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Thread: not a new tool but a question

  1. #1

    not a new tool but a question

    I have one of the hitachi cb13f bandsaws.

    One day while trying to clean up the mess in my "shop" I needed to move it. I had it mounted on a 1/2 sheet of mdf attached to a old bt3000 saw stand. What I forgot was I had taken the bolts out because I was going to re do the mounting. Sod's law came into play and as I moved it, it toppled over and hit the floor and snapped the table off at the cast trunion.

    I'm getting to the point where I could do with the band saw again and I'm wondering if there's anyway I can check to see if the frame is straight or not before I go spending money on a replacement table.

    Has anyone here had the misfortune to do something as similarly daft?
    パトリック
    daiku woodworking
    ^deshi^
    neoshed

  2. #2
    Join Date
    Oct 2008
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    Kea'au Hawaii. Just down the road from Hilo town!
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    Yeah,.... about 20 or so years ago when I bought my used BS! Took my brother with me to help load the BS into the truck. So far so good that is until reached down pick up my end, grabbed hold of the table and ripped it right off. seems the pot metal trunnions are not very strong at all!
    Aloha,

    What goes around, comes around.

  3. #3
    Join Date
    Sep 2007
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    St. Louis, MO
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    If the frame is cast iron, chances are it would have broken before bending. The grey cast iron used for these tools is very brittle.
    Even if it is bent a touch, it probably doesn't matter that much. Band saws can be way out of alignment and still work just fine. Because the wheels are crowned, the blade can track just fine even if the upper and lower wheels are not coplaner. I'd be tempted to rig a temporary table out of a scrap of plywood or mdf. Just clamp it in place, set the guides, and run some test cuts. If it works out ok, fix the table. If not see what adjustments might need to be made and decide if it's worth making them.
    I'd guess it will be fine.
    Paul Hubbman

  4. #4
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    Sep 2007
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    St. Louis, MO
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    By the way, you may be able to braze the table trunions back together. Cast iron can be welded (it's tricky and requires some experience, but it can be done) or brazed back together. I've brazed a few things over the years, which have held up just fine. Just a thought.
    Paul Hubbman

  5. #5
    Thanks for the advice mate. I think the trunnion casting is aluminium as it doesn't seem to have the weight I would expect from cast iron but I could be wrong.

    All said and done I'm feeling a bit lazy about what to do with this thing. If I count my time plus the part cost, I could probably buy another used bandsaw and save a bit. If I knew anyone reasonably local with tthe same model I'd probably let them have it for parts as it's no longer made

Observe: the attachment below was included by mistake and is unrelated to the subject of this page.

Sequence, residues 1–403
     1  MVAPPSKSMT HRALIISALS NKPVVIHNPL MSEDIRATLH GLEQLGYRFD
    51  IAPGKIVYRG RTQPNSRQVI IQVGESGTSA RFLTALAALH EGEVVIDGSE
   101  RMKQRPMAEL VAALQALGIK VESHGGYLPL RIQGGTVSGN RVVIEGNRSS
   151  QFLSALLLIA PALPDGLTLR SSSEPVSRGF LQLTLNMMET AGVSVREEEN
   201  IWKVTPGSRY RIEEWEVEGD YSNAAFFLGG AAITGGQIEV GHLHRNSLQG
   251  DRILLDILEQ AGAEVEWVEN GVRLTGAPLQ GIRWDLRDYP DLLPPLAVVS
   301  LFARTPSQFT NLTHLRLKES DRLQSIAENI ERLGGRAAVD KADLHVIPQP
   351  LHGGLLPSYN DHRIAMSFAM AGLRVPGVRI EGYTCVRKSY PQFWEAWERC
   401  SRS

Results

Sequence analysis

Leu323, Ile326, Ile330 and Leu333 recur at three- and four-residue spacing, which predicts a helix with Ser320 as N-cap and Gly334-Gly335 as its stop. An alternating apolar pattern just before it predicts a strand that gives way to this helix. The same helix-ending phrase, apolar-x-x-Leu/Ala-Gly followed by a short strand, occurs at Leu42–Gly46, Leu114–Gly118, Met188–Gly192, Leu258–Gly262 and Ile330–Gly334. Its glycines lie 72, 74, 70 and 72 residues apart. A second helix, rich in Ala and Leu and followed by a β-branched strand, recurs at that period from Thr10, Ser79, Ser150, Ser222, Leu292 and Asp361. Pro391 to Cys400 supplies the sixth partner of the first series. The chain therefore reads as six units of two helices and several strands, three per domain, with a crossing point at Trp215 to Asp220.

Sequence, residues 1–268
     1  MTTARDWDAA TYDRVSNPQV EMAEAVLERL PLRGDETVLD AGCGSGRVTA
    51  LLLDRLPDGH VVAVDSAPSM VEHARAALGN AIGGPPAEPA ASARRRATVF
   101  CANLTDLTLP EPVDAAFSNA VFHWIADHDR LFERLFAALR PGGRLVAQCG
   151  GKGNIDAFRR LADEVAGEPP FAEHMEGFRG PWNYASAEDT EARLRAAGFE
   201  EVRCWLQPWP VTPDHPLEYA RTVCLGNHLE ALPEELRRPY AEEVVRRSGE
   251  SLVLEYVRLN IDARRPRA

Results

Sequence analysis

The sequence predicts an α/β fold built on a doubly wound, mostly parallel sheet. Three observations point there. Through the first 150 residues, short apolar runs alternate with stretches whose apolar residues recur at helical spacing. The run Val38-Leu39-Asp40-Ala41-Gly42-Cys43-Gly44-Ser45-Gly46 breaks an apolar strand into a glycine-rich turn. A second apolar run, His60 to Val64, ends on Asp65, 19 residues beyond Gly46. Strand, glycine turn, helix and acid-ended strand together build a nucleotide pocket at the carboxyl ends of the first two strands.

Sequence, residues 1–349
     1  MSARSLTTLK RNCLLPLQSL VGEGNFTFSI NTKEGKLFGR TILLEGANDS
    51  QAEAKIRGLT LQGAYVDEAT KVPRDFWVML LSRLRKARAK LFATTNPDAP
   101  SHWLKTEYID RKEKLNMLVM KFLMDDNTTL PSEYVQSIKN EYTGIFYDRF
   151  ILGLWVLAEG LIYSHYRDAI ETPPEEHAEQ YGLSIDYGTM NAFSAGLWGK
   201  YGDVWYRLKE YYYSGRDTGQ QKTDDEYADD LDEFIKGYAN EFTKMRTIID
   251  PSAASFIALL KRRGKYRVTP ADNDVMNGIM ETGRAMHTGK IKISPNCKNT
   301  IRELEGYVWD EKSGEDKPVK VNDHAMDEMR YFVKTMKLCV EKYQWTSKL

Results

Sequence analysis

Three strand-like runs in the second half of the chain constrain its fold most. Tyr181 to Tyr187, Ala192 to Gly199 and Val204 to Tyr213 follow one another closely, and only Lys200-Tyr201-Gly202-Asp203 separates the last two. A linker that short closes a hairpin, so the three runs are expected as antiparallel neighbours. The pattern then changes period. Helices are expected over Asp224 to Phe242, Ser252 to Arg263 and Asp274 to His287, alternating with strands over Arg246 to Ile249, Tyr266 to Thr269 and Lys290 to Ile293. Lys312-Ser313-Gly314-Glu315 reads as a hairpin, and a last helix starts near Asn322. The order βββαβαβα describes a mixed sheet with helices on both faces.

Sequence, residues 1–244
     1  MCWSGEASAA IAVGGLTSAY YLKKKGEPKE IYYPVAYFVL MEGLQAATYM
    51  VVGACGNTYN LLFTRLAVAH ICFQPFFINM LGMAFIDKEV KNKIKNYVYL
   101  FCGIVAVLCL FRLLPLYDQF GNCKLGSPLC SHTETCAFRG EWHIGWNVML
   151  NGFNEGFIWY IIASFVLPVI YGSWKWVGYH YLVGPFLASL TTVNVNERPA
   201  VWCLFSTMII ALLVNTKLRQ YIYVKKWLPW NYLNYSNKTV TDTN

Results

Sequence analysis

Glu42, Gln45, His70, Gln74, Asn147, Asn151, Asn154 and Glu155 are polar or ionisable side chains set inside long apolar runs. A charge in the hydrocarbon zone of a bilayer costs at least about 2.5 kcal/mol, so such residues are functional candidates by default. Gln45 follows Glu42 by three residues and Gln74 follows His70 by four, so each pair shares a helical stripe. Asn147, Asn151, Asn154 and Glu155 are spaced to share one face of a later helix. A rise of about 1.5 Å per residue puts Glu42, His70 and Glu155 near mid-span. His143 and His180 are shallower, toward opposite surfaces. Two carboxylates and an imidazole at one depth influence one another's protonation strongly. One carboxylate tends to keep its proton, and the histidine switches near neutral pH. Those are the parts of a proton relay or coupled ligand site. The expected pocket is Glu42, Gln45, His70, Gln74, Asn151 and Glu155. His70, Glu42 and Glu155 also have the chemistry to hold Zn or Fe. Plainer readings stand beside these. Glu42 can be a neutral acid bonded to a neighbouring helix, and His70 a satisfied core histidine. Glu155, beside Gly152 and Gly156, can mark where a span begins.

パトリック
    daiku woodworking
    ^deshi^
    neoshed

  6. #6
    Join Date
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    Patric, check this link to eBay. A pair of trunnions for 25 bucks. I believe most of them are the same.

    http://shop.ebay.com/?_from=R40&_trk...All-Categories
    Aloha,

    What goes around, comes around.

  7. #7
    Thanks for the link mate. Unfortunaely the trunoins and table are a one piece affair.
    パトリック
    daiku woodworking
    ^deshi^
    neoshed

  8. #8
    Join Date
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    Quote Originally Posted by patrick anderson View Post
    Thanks for the link mate. Unfortunaely the trunoins and table are a one piece affair.
    OUCH! That's a sounds like and expensive "Bummer"

    By the way... If you have a camera, why not post a photo of the bottom of the table with a ruler for reference in the picture.
    Last edited by Royall Clark; 03-11-2009 at 08:22 PM.
    Aloha,

    What goes around, comes around.

  9. #9
    Join Date
    Sep 2007
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    St. Louis, MO
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    Are they pot metal? See if a magnet sticks. If not, bright white metal with machined surfaces is probably aluminum. Darker grey is probably pot metal. Aluminum can be welded. Pot metal likely can't. But that doesn't mean that there's not a way to fix it. Is there a way to form a steel plate that can be epoxied, riveted, or screwed to the broken pieces - use it like a permanent splint? If the sections along the break are thick enough, can you drill into the broken faces and epoxy some steel pins into place?
    At least if it's soft metal, it should be easy to work with.
    Paul Hubbman

  10. #10
    Thanks agin for the suggestions mate.

    I need to go out into the abyss (garage) and look it over again. The last time I looked up the part online it was about $50 which isn't much to lay out I guess. I paid $150 for the thing in the first place so adding another 50 is bothering me a bit for reasons I don't quite know.

    I have so little time to do anything woodworking-wise that I keep thinking just go buy a decent 10" and get rid of the hitachi to someone who has time to tinker.
    パトリック
    daiku woodworking
    ^deshi^
    neoshed

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